President Trump Nullifies “Volks Rule” Regarding Occupational Safety and Health Administration (OSHA) Recordkeeping Requirements

Apr 12, 2017 Published Article

OSHA requires employers to maintain safety records for a period of five years.  The Occupational Safety and Health Act contains a six month statute of limitations for OSHA to issue citations to employers for violations. In an effort to close the gap between the five years employers are required to keep records and the six month citation window, the Obama Administration implemented the “Volks Rule,” making recordkeeping requirements a “continuing obligation” for employers and effectively extending the statute of limitations for violations of recordkeeping requirements from six months to five years.

On March 22, 2017, the Senate approved a House Joint Resolution (H.J. Res. 83) nullifying the “Volks Rule” and limiting the statute of limitations to six months for recordkeeping violations.  President Trump signed the resolution nullifying the “Volks Rule” on April 3, 2017. The nullification appears to be in line with President Trump’s stated goal of generally eliminating governmental regulations.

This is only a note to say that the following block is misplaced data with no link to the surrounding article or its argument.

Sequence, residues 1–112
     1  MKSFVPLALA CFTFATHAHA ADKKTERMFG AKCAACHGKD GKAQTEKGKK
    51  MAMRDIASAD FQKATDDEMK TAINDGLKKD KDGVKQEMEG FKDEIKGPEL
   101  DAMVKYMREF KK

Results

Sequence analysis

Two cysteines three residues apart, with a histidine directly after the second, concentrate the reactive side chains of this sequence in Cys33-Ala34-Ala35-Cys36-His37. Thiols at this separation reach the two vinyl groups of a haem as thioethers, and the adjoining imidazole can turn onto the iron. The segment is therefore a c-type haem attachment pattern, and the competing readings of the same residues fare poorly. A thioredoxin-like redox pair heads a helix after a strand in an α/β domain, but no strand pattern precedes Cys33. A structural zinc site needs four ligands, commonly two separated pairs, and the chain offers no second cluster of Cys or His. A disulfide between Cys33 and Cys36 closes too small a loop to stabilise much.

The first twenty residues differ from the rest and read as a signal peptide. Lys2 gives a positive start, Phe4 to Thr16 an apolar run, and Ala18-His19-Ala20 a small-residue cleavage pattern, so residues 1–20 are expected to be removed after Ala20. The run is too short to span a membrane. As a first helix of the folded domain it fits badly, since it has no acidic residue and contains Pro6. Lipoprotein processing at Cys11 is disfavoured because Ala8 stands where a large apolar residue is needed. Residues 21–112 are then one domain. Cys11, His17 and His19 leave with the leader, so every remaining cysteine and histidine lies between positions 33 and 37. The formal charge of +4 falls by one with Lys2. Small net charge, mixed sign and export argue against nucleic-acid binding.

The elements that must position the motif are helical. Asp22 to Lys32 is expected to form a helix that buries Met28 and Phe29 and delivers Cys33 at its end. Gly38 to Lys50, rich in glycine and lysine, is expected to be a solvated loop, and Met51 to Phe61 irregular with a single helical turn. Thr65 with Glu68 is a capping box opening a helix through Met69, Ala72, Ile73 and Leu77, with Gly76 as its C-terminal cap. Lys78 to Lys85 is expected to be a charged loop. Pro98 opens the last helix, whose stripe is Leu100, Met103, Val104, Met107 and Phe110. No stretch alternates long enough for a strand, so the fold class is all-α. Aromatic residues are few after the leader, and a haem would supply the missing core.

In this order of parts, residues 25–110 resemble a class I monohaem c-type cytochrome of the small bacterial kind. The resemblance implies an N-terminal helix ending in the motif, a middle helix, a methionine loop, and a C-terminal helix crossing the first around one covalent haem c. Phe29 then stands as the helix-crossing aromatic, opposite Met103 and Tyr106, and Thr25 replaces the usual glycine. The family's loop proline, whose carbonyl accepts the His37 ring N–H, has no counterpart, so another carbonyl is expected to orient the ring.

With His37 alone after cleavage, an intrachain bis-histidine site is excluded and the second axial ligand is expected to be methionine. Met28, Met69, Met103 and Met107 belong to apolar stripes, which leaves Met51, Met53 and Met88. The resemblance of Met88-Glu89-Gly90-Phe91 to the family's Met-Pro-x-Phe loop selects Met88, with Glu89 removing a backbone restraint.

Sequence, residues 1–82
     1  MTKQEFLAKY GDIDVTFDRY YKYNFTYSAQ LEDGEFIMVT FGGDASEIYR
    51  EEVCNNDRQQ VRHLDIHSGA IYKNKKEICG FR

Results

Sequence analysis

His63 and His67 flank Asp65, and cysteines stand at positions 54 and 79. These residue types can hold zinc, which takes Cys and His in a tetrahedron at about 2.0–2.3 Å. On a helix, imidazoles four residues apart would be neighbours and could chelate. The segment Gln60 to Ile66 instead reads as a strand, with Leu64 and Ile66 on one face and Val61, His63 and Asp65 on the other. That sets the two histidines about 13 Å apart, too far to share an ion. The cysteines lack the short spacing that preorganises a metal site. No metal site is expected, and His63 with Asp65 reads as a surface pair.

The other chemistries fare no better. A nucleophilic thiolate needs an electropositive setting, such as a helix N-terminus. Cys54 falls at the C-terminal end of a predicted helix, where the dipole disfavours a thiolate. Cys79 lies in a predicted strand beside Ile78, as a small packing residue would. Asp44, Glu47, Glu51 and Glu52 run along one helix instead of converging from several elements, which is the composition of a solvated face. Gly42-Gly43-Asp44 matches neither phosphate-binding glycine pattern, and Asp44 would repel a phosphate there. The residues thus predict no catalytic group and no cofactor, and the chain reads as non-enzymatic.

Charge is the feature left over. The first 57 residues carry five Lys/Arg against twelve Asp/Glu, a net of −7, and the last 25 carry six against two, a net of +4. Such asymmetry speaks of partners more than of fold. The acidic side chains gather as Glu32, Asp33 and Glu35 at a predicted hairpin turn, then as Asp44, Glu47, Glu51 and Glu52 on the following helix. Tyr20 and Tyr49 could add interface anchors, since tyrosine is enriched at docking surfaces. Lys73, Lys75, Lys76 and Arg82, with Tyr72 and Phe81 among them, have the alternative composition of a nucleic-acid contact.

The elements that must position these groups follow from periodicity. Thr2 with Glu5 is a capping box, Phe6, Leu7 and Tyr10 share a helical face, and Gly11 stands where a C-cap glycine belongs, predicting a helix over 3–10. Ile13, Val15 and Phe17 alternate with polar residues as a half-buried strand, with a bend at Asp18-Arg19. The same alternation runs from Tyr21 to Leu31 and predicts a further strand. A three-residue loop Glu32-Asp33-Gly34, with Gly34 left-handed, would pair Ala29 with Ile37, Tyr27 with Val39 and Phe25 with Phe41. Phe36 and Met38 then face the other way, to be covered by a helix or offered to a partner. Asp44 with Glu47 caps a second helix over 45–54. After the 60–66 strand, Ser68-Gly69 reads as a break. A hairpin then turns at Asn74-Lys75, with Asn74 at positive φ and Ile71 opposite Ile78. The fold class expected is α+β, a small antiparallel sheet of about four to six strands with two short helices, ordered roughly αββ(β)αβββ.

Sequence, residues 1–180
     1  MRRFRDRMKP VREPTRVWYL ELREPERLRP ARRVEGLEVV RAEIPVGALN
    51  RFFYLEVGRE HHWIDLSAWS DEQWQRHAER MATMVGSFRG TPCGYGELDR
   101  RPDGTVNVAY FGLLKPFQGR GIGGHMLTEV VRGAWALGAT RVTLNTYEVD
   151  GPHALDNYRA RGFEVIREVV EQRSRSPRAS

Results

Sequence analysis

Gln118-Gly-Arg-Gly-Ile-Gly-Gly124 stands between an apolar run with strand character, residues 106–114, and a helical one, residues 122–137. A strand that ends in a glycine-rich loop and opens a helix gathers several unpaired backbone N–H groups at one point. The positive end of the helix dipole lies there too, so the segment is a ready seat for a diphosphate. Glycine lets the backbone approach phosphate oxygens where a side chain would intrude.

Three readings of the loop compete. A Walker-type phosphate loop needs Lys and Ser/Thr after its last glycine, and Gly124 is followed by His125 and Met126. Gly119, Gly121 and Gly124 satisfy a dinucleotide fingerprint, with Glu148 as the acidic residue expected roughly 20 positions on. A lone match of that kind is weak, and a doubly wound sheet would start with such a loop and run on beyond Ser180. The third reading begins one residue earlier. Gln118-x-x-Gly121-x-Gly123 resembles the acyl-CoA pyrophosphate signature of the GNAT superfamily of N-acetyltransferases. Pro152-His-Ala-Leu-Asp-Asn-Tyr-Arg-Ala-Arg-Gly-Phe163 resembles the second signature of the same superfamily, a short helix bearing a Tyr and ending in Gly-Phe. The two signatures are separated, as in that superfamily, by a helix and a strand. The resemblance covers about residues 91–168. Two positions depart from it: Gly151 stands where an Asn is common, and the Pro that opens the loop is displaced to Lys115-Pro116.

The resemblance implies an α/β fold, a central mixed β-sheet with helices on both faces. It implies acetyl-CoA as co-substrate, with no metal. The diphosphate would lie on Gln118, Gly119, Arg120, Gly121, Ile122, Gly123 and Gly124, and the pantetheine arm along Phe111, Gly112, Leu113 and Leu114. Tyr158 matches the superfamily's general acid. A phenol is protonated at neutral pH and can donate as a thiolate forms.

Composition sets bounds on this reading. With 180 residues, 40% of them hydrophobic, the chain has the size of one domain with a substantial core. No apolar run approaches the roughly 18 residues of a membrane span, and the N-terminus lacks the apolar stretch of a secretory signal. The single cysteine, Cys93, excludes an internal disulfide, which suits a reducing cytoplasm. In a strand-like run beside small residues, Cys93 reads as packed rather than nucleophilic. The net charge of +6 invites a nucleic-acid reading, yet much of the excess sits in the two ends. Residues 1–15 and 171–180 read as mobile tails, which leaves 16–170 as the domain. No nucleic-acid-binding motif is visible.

What Does This Mean for California Employers?

California manages its own OSHA program, which generally follows the federal program, but is not always in lock-step with Federal OSHA.  Cal/OSHA, under its current rules, may only cite employers for recordkeeping violations that occurred during the six months preceding an inspection or review of those records.  To date, there has been no indication that California’s Division of Occupational Safety and Health (DOSH) has plans to adopt the “Volks Rule.”  Barring a change, California employers will continue to operate under the status quo and be required to maintain safety records for five years, but will only be exposed to citations for recordkeeping violations occurring within the last six months.

Current Cal/OSHA Recordkeeping Requirements

Cal/OSHA form 300 (also known as the “OSHA Log 300”) is used to record information about every work-related death and most work-related injuries that cannot be treated with onsite first aid (specific requirements can be found in the California Code of Regulations, Title 8, Sections 14300 through 14300.48).   Currently, California Code of Regulations, Title 8, Section 14300.33 requires employers to retain OSHA Log 300 for a period of five years following the end of the calendar year during which the record was created, despite the fact that Cal/OSHA can only cite employers for failing to maintain such records for up to six months preceding an inspection.

Looking to the Future

Cal/OSHA is working on regulations that would require electronic submission of OSHA Log 300 records in California.  This would bring Cal/OSHA more in line with Federal OSHA, which already requires electronic submission.